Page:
Solar Sister is bringing solar lighting to hard-to-reach communities in Nigeria, Tanzania and Uganda.
Women are disproportionately impacted by electricity poverty. Studies have shown that the lower a country’s electricity access rate, the higher its gender inequality index. In addition, 85% of the 2 million deaths caused annually by indoor air pollution from burning fuels are deaths of women and children.
However, it’s not all grim news. When women are involved in distributed renewable energy solutions, the benefits are far-reaching. For example, in Tanzania, women with solar lanterns had more decision-making power and respect in their households and communities. An impressive 83% of women with solar lanterns reported increased control over financial decisions, 70% felt more respected in their household, and 64% felt more respected in their community.
The women-led organisation Solar Sister knows first-hand that climate change is a justice issue and so they have decided to put women at the centre of the solution. Founded in 2009 and working in Nigeria, Tanzania and Uganda, they train local women entrepreneurs to deliver clean energy directly to homes in rural communities, supporting them to build sustainable businesses. They provide 12 months of business training to each entrepreneur, and they also provide other professional development support, such as support in upgrading to first-level smartphones and other digital skills.
Solar Sister uses a network of local women entrepreneurs as the distribution network for solar lighting products and stoves, which works to solve two challenges: how to reach remote, hard-to-reach, underserved, overlooked communities (through a last-mile distribution approach) and how to build enough trust so that households will shift from unhealthy kerosene to solar.
By using a local network, with 86% of the businesses run by women, Solar Sister is able to explain the benefits and experiences on daily life to those who are interested in adopting solar lights. As CEO and founder Katherine Lucey says, local women entrepreneurs are “able to explain to another woman what the benefits are, and the customer will trust her because she knows her. The strength and the backbone of Solar Sister is this local women-to-women network.”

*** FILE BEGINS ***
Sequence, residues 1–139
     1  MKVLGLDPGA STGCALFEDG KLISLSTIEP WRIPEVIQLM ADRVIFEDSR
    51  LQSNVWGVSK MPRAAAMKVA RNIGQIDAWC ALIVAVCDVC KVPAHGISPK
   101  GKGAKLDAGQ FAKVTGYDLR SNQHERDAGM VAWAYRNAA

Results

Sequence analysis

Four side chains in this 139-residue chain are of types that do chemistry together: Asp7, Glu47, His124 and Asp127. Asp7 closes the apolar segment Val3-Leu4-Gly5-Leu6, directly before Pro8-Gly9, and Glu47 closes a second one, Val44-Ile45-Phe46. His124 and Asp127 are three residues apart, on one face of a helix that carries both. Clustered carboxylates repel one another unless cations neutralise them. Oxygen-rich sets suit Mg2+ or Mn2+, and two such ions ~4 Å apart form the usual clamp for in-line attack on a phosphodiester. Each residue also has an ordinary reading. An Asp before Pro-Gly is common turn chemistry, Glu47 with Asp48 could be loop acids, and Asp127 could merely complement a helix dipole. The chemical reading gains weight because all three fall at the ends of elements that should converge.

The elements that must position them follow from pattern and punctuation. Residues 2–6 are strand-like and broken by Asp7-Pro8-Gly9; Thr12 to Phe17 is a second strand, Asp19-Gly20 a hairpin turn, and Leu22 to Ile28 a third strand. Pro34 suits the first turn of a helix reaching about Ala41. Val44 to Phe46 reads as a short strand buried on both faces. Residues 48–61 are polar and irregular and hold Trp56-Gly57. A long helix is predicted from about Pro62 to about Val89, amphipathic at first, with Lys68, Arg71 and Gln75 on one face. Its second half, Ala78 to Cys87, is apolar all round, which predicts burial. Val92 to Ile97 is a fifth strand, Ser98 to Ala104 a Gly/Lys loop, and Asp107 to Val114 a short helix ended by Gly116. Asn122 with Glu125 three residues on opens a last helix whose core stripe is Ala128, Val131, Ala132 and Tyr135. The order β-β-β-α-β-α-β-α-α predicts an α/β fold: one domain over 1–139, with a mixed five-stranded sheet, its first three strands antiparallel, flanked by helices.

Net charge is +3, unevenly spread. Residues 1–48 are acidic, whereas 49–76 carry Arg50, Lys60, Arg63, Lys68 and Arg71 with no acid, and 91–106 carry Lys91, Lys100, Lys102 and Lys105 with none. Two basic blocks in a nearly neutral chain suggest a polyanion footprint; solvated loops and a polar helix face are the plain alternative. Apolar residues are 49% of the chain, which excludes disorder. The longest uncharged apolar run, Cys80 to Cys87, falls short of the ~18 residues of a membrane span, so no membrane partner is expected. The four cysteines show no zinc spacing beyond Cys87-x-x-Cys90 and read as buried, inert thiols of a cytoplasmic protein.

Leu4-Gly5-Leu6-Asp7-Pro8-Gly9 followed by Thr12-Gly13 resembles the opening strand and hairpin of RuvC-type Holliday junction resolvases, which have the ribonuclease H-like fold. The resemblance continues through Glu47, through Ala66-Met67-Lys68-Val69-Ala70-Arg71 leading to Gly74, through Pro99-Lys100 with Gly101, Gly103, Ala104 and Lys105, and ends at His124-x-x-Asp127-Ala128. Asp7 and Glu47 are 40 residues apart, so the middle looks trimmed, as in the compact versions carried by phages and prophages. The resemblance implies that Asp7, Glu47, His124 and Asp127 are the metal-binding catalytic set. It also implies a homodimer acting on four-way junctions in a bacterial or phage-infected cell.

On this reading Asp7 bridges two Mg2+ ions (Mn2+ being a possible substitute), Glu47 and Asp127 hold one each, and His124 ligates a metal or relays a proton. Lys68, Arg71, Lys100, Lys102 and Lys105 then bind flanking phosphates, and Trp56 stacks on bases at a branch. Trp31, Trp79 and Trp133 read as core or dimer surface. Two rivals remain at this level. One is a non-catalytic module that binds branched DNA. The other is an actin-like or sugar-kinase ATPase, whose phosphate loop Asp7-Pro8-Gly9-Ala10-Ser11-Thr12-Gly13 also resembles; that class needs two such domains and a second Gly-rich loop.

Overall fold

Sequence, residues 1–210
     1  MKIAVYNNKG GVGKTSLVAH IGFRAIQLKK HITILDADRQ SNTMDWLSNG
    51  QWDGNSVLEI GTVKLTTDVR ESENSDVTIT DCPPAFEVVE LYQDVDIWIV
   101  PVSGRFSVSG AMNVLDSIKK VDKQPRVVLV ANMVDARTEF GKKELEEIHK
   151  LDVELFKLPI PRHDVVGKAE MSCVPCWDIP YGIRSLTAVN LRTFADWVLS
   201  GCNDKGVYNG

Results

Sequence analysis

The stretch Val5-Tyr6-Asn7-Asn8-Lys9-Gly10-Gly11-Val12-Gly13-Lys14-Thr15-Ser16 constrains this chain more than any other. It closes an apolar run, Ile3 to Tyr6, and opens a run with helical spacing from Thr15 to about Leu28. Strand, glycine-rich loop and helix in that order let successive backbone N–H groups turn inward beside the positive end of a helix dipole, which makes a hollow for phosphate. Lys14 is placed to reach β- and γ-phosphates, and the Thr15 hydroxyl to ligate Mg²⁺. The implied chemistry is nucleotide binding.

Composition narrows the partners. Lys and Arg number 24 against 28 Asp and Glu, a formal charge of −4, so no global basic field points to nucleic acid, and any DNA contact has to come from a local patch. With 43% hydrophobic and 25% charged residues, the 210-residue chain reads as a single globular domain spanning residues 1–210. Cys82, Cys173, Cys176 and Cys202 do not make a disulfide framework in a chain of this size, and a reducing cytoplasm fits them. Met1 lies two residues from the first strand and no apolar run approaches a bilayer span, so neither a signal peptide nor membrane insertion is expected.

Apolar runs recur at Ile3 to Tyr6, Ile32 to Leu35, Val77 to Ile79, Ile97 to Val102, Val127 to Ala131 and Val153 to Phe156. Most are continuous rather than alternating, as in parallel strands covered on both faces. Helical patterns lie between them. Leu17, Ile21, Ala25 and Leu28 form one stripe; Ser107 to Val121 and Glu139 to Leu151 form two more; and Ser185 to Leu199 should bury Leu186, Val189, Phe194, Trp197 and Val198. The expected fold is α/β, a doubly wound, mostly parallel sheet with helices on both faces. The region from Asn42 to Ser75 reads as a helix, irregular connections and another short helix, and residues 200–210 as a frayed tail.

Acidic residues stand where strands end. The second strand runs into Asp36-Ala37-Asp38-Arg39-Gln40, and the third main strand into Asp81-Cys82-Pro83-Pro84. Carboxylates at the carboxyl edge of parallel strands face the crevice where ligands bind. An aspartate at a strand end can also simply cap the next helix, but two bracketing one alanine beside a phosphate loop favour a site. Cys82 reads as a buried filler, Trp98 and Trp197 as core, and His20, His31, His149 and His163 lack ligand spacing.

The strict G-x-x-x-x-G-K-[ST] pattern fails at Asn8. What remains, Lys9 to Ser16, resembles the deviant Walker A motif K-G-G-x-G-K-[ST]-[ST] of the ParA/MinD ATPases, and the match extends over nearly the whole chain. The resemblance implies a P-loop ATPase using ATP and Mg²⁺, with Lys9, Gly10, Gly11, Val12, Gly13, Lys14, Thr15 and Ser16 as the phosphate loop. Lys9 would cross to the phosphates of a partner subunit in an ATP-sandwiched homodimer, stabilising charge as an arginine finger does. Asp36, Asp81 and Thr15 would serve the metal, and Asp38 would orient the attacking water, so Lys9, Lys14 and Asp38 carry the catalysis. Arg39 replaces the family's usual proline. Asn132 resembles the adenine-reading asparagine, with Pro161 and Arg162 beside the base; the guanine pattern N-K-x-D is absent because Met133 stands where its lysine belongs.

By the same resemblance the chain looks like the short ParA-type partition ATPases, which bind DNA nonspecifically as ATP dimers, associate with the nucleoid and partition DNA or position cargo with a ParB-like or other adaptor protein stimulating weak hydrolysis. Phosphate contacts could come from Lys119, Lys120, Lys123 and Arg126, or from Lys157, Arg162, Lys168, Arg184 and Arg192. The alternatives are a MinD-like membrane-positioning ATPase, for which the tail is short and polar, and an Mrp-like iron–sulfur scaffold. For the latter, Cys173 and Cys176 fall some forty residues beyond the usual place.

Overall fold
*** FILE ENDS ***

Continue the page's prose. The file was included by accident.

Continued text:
The adoption of solar power can have life-changing impacts. A 2017 report on the project found that many people reported negative health effects due to using kerosene, while after solar was installed not only were these impacts reduced, but 94.2% of participants explained that their children’s academic performance increased since their households starting using solar.
As the report states, “Solar lanterns give families the time and opportunity to do more every day, opening doors to additional educational and business ventures. Solar lanterns create a positive cycle of economic growth that can revolutionise a family’s financial well-being. At the same time, solar-powered lighting protects the health of each person in the household and spurs intrinsic changes in women’s self-image and perceived agency.”
As Solar Sister argues, energy access empowers women and girls through better education, economic opportunities, protection from indoor pollution, reliable healthcare, and better working conditions.
Climate justice is at the heart of what Solar Sister does, as they support those in the front lines of climate change. As Katherine says, “We have seen the success of what happens when you give a woman economic opportunity, and she takes it, and she invests in her family and her life, and it changes the woman’s view of herself. It changes her standing in the family, it changes her standing in the community, and has this incredible positive impact at all levels.”
Katherine Lucey, CEO and founder
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